Researchers at York University in Toronto examined 6,000 obese Americans over 16 years and determined those with no other health problems had a lower risk of dying from cardiovascular causes than 23,000 slimmer Americans.

The study's lead author, Dr. Jennifer Kuk, said:

"Our findings challenge the idea that all obese individuals need to lose weight. Moreover, it's possible that trying — and failing — to lose weight may be more detrimental than simply staying at an elevated body weight and engaging in a healthy lifestyle that includes physical activity and a balanced diet with plenty of fruits and vegetables."

We THINK what they are trying to say is that a healthy lifestyle is more important than a slimmer waistline!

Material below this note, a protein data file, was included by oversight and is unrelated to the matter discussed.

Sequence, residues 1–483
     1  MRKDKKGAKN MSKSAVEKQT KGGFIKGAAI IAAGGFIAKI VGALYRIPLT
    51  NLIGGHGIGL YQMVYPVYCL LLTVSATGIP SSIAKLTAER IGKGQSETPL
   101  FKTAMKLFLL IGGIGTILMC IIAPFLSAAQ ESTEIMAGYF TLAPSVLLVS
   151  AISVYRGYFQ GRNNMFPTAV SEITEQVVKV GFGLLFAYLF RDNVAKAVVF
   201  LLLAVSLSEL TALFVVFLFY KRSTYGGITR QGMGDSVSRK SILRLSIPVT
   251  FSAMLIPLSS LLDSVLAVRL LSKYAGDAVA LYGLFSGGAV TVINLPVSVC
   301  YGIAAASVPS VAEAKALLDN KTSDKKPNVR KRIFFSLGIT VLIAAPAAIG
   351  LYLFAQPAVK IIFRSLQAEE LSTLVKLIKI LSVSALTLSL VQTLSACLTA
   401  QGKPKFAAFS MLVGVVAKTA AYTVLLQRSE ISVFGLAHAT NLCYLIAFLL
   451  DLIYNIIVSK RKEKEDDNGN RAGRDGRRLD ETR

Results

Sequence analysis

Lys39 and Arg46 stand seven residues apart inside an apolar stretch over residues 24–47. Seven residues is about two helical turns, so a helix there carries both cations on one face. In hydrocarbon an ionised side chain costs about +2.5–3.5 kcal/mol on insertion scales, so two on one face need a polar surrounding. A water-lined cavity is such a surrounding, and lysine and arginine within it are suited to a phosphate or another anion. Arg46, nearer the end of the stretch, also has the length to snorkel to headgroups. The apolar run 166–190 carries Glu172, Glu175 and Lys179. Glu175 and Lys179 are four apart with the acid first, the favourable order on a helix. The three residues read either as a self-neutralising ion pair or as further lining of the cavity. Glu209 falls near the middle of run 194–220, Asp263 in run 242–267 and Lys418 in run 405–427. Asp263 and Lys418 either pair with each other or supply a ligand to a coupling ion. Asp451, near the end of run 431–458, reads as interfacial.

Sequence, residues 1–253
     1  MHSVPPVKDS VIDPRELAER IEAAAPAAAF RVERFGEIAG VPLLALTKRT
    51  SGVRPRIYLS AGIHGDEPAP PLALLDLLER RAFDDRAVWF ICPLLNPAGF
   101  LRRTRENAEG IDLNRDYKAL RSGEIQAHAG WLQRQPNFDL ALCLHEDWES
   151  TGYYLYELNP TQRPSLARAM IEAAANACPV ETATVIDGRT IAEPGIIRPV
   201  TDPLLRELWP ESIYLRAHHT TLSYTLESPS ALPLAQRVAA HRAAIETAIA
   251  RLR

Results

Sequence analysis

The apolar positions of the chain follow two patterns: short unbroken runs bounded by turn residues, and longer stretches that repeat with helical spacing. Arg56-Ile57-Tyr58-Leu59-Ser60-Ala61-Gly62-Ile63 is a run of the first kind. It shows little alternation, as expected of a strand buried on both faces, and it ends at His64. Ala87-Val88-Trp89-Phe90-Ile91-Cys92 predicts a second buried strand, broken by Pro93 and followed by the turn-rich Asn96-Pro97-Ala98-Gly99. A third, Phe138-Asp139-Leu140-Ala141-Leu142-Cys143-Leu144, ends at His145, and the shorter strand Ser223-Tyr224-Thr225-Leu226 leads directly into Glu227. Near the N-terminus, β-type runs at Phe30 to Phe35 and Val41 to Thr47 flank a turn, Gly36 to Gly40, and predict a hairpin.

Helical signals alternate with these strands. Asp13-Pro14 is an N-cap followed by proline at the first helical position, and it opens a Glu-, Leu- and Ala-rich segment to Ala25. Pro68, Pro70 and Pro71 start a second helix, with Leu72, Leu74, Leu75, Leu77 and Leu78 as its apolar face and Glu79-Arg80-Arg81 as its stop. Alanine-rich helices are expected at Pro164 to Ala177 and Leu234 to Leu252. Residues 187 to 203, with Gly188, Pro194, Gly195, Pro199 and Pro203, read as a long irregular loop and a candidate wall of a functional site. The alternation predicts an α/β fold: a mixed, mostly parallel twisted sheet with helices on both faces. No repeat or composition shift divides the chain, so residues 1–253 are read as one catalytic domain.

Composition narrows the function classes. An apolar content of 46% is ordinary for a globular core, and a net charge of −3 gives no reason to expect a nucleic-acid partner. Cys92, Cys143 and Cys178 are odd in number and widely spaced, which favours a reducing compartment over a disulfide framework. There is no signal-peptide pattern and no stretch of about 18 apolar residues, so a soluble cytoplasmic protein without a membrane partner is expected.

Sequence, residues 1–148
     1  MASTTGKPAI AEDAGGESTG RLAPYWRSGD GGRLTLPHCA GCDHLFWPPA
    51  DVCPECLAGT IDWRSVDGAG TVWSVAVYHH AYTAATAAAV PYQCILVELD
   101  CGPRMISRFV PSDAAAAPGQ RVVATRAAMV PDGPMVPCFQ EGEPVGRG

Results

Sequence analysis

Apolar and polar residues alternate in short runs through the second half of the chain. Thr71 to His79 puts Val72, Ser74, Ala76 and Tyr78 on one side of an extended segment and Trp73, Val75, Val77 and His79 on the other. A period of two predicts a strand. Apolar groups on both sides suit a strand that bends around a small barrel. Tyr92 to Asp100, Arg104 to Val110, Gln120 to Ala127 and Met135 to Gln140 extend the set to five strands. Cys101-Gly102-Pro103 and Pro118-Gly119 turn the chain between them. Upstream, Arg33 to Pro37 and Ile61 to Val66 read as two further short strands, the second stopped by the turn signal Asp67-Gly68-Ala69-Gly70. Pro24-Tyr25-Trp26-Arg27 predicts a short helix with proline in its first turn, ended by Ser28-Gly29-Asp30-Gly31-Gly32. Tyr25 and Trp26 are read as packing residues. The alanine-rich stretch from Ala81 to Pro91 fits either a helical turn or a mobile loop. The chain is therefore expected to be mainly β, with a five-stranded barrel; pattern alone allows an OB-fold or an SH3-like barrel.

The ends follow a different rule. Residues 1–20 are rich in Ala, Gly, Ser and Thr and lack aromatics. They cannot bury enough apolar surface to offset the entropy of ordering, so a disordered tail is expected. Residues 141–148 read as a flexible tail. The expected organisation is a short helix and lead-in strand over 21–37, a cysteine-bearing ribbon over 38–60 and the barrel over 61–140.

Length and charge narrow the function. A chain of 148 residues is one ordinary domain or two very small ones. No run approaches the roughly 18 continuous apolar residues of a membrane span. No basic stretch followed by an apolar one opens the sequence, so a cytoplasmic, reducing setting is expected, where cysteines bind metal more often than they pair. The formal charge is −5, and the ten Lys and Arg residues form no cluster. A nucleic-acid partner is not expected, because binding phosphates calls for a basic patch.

However, we don't want the mixed message to be interpreted as weight does not matter. Study after study has shown that obesity and other factors associated with excessive weight can contribute to a variety of ailments ranging from heart disease to alzheimer's disease!

There has also been research suggesting that skinnier people may be at risk for heart disease and other cardiovascular illnesses because their appearance does not give any warning flags to get regular medical check-ups.

It's important to focus on the healthy aspects of eating right and exercising regularly instead of obsessing over the number you see on the scale! Although visual results may take time, fitness or dieting experts will tell you again and again that all of your efforts ARE paying off in the long run!

[Image via WENN.]

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Scientists Close To Developing Blood Test For Alzheimer's Disease

Filed under: HealthScience!

Alzheimer's blood test

So exciting!

Scientists may be FINALLY closing in on a blood test to to screen people for Alzheimer's disease and replace expensive, impractical brain scans.